Building a Network

Even if sales haven’t materialized fast enough to justify LevelUp’s rapid geographic expansion, the company’s external metrics still tell a story of substantial growth. LevelUp claims a network of one million registered users and more than 5,000 merchants. Its current transaction volume is over $5 million per month, according to the company, up from $1 million just over a year ago.

“I’m highly impressed with the progress they’ve made,” Harris said. “It is one of the most ambitious things you can do; building a two-sided network is basically impossible.”

This network is the company’s greatest asset in raising money, however four separate sources raised doubts about the one million number, claiming that a substantial portion were actually SCVNGR users. LevelUp disputes this claim, but acknowledges that inviting SCVNGR users to join LevelUp has been a part of the company’s strategy. A source with direct knowledge of the matter told me that there is no way to know what percentage of the SCVNGR users who have been invited to join LevelUp and are counted in the 1 million number have actually downloaded the app. That same source pointed out that the timing of the SCVNGR sunsetting corresponds to a dramatic increase in LevelUp users, from half a million last November to 1 million at the end of February, at a time in which the company was cutting its sales force. For its part, LevelUp did say its user base has recently grown faster than its active users, due to signups in cities without active merchants. LevelUp declined to share a breakdown of active vs. inactive users.

How LevelUp Does (and Doesn’t) Make Money

Perhaps the biggest change at LevelUp since the company’s last financing has been its pricing. Until last summer, LevelUp was charging merchants 2% on each transaction, which then was passed along to pay the payment processor. That almost certainly meant a loss for LevelUp on credit cards, as fees paid to the processor exceeded 2%, but the lower fee for merchants helped the company get in the door. (Different legislation governs fees on debit cards, so it’s conceivable that LevelUp could have made money there.)

Last June, LevelUp made a big shift to “interchange zero,” meaning a zero percent processing fee for merchants. Rather than charging merchants the equivalent of swipe fees, LevelUp would take a cut of the new and returning business generated by its loyalty programs. (While it was no longer charging merchants a transaction fee, it still had to reimburse the payment processor.)

There are two basic kinds of campaigns offered by LevelUp: new customers and returning customers. In both cases, the merchant offers up a reward – say, $1 if you spend $5 – for the new or returning customer. LevelUp charges the merchant 40 cents on that extra dollar. This model works if those rewards are redeemed; one analyst’s back-of-the-envelope math puts the overall fee for LevelUp on these transactions at around 5 percent. But LevelUp only makes money if the rewards are redeemed, which Business Insider reported happens about 40% of the time.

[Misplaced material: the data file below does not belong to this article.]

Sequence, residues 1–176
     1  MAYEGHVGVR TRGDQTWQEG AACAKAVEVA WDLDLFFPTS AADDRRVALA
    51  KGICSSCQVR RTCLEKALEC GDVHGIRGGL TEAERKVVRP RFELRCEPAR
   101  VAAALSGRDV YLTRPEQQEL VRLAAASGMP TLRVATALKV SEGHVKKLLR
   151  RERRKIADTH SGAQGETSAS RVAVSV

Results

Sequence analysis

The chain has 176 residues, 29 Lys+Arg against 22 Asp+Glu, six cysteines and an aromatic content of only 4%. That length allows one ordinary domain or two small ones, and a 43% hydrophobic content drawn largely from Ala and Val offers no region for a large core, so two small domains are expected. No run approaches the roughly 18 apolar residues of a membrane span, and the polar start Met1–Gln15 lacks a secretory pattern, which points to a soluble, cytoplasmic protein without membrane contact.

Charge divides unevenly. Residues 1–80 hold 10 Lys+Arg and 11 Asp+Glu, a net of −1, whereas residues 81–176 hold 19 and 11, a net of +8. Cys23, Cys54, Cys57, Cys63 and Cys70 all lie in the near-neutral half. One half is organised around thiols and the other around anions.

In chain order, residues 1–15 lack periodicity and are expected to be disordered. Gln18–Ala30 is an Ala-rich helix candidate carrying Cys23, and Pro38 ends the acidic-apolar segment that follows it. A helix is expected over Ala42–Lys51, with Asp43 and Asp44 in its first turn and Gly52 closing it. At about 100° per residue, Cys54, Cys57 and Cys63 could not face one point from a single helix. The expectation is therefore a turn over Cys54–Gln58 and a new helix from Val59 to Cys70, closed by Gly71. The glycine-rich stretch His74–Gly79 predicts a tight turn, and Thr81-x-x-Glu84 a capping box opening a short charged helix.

When interchange zero first launched, it came with a monthly fee to cover hardware costs. But merchants bristled at the fee, and in September it was removed. Then in January of this year, LevelUp reintroduced the 2% option, for reasons that aren’t clear to me. Today, merchants who simultaneously run both new and returning customer campaigns get interchange zero, and are charged 40 cents on the dollar for the rewards. Those that aren’t running a campaign, or are just running one of the two campaign types, are charged 2% on transactions. The company’s latest shift, introduced to users by email last week, involves bundling transactions so as to pay less in batch fees, a move I’m told is being touted internally as significant but which depends on regular transaction volume from users.

What’s Next?

Based on half a dozen conversations with former LevelUp employees, it’s clear that it has been a hectic year for the company. Rapid expansion has been followed by significant cutbacks, and the company’s ability to make real money remains unproven. Morale is understandably low for those who remain.

Another round isn’t the only option, of course. It’s possible there’s an acquirer out there that would be interested. But in my conversations I heard nothing specific about that possibility.

So can the company raise the funding necessary to keep going? That depends on how investors view the Heartland deal, and how significantly they weigh the company’s substantial progress building out a mobile payment network.

“This is a company that has proven that it can build a two-sided network,” Bain’s Harris told me. “But it hasn’t yet proven that it can do so and make an economic profit at it. At this point I don’t think we can bet against them figuring that part out, too.”

When I pushed Harris for a prediction, his best guess was that LevelUp would raise money on a flat valuation. After all, he pointed out, they don’t have to convince every VC. “It really only takes one.”

UPDATE: Seth responded to me on Twitter. Here’s what he said: